fundamental differences between those works. The principal analytical tool applied in this study is the working concept of dialogism. The appropriateness of this research method is discussed and affirmed in the Introduction. Chapter 1, "The Formation of Russian Images of the Caucasus," maintains that the myth of the Caucasus was created less Ьу the intelligentsia and literati of the time than it was Ьу the ordinary

Russian colonists who went and settled that alien land. This discussion also refers to the fact that upper-class Russians, who were educated in Western European culture, developed а discourse of attempted objectivity about the natures, folkways, and customs of the peoples of the Caucasus, and although they were unable to fully cast off their Orientalist prejudices, that discourse was itself drawn into this mythical world and read in аdistorted form. That distorted reading has been passed down to the present day. Chapter 2, "Dialogism and Cultural Autism," shows the differences that arise between readings of У. Makanin' s short story that use the analytical tool of dialogisrn, and readings that apply а typological method. Chapter 3, "The Negation of Negation in Russian Classical Authors," first takes Tolstoi' s short story and compares it with the narrative poems Ьу Pushkin and Lermontov in terms of four points of difference: The protagonist' s social position, his reasons for being taken captive, the events leading to his contact with the young indigenous woman, and his attitude toward his homeland. The chapter also identifies fundamental differences between ushkin' s and Lermontov' s narrative poems that have Ьееп overlooked up to this time. The chapter further points out that Pushkin's antagonism to the poems Ьу Derzhavin and Zhukovskii was what motivated him to write his own narrative роет.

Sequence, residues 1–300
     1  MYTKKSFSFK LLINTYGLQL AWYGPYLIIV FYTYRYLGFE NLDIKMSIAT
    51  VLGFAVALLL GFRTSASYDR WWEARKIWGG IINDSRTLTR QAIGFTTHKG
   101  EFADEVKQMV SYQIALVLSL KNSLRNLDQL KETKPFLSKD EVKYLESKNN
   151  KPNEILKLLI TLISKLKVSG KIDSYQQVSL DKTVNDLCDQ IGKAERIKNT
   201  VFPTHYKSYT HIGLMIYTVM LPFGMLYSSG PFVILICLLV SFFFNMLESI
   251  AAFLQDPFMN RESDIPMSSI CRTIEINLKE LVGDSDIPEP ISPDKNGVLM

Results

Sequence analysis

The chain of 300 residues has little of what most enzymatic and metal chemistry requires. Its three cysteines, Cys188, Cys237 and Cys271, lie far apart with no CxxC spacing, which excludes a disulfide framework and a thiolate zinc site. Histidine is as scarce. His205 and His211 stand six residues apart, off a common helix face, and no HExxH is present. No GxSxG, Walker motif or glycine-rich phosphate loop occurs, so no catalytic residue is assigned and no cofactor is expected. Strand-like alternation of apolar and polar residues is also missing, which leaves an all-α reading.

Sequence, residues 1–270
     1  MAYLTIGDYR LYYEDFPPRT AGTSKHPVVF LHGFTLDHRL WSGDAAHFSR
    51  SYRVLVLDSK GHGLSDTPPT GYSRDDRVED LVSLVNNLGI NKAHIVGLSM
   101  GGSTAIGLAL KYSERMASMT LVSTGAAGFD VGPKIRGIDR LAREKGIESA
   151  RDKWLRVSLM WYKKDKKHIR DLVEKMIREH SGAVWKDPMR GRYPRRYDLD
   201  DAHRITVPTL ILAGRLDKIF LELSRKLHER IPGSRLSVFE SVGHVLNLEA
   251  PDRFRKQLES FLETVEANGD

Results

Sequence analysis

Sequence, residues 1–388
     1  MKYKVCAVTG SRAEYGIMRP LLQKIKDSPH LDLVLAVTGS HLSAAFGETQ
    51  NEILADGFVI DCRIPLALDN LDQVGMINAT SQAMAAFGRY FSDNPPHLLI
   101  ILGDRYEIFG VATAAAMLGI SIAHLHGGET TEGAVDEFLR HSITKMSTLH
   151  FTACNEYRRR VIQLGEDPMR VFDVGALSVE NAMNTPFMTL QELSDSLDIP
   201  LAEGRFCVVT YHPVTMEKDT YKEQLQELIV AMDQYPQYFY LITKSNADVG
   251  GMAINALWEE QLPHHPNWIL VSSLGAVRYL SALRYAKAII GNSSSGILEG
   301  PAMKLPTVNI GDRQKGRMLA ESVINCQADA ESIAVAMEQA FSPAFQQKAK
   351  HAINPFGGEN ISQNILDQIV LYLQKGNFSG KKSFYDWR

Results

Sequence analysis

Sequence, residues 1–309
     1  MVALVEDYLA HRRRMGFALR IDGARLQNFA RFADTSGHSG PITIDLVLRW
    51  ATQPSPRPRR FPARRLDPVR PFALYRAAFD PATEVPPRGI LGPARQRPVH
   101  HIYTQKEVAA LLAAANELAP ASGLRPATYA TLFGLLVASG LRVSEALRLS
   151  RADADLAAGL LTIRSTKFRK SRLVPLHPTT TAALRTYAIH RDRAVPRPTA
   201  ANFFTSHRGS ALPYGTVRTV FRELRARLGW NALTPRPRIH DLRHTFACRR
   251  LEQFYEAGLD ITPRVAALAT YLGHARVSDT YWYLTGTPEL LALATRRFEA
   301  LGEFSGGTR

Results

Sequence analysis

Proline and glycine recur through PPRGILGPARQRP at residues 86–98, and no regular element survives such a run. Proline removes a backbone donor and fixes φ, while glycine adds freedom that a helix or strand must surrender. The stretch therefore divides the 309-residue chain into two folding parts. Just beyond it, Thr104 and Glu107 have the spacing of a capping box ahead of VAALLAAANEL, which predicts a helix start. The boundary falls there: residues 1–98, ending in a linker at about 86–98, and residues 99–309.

Chapter 4, "The Keywords of Orientalism: Dikii and Vol'nyi," uses а concordance created Ьу the author for these works Ьу Pushkin, Lermontov, and Tolstoi to compare the extent to which Orientalism influenced these three literary figures. The analysis demonstrates а distinct correlation with the relatively larger presence of elements of dialogisrn, which is the working concept of this study overall. The term dikii as used in Pushkin' s time (including Ьу the poet himsеlf did not yet differentiate the two

senses of barbaric and feral, which are distinguished Ьу context in the Russian language today. The possibility is raised, therefore, that the poet used this word without апу clear awareness of that sense of something that has Ьееп left behind Ьу civilization and failed to develop culturally. The conclusion emphasizes, not the binary approach taken, for example, Ьу anti-Orientalism, but rather the dialectical approach that discems ап affirmative moment within the negative moment. This latter approach is of greater importance for comparative cultural and literary historical studies.
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College of Humanities (인문대학)Institute for Russian, East European & Eurasian Studies (러시아문화권연구소)러시아연구 (Russian Studies)러시아연구 Volume 11 Number 1/2 (2001)